If you are planning a trip to Mongolia, it's highly recommended to book a night or several nights' stay in a yurt. Accommodation in a ger offers a perfect balance of authenticity and comfort, making for a unique and memorable experience.
Mongolian Unique Customs and Superstitions
Mongolian culture is also known for its unique customs, such as the tradition of offering a cup of milk tea to guests. Mongolians also have a tradition of hospitality, with guests often welcomed into their homes and offered food and drink.
Another unique custom is the Mongolian practice of eagle hunting, where trained eagles are used to hunt small game such as foxes and rabbits. This tradition dates back thousands of years and is still practiced by Kazakh ethnic group in Western Mongolia.
Mongolians have a strong belief in good and bad omens and fear misfortunes. Speaking of negative things or talking about someone too often can attract misfortune, as can breaking taboos such as stepping on a yurt's threshold or desecrating sacred places. Children are especially vulnerable, and some are given non-names or dressed as the opposite gender to deceive evil spirits. Before going out at night, children's foreheads are sometimes painted to look like a rabbit's black hair to further deceive evil spirits.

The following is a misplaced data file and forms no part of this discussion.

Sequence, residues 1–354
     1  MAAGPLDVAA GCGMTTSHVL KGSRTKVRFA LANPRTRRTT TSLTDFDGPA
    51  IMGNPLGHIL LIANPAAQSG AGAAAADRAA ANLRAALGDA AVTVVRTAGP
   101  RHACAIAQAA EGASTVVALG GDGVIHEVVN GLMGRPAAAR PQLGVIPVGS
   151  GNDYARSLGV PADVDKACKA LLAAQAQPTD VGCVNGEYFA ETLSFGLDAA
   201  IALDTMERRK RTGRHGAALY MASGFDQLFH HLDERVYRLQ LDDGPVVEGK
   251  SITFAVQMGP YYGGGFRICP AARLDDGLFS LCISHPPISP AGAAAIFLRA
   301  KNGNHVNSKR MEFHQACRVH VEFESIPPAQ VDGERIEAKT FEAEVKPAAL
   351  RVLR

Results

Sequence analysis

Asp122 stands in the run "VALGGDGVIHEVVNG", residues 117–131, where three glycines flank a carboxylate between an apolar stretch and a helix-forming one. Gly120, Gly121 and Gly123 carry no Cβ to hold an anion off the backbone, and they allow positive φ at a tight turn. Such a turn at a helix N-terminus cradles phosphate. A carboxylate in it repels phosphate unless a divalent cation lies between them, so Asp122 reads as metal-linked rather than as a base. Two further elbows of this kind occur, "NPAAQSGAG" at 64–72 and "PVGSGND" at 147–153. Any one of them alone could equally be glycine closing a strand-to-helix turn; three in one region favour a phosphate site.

When passing by sacred mounds called Ovoos, they are often circled and offerings like sweets are sacrificed for a safe journey. Certain ovoos, especially on high mountains, are also sacrificed to for good weather and to ward off misfortune. The first big celebration for a child is their first haircut, usually between the ages of three and five. Birthdays were not traditionally celebrated, but are now popular. Deceased relatives were once left in the open to be eaten by animals and birds, but nowadays are buried.
Wondering how to travel to Mongolia?
Mongolian culture is a fascinating blend of religion, art, music, performance, and unique customs. With its rich history and cultural heritage, Mongolia is an ideal destination for anyone interested in exploring new cultures and traditions.
So, if you're planning a trip to Mongolia, be sure to immerse yourself in the country's rich cultural experiences, such as attending a Tsam dance or learning to play the Morin Khuur. Whether you're interested in art, music, or history, Mongolia has something to offer for everyone. Book your Mongolia trip today and start your adventure into the heart of Mongolian culture! Get in touch with our travel consultants here.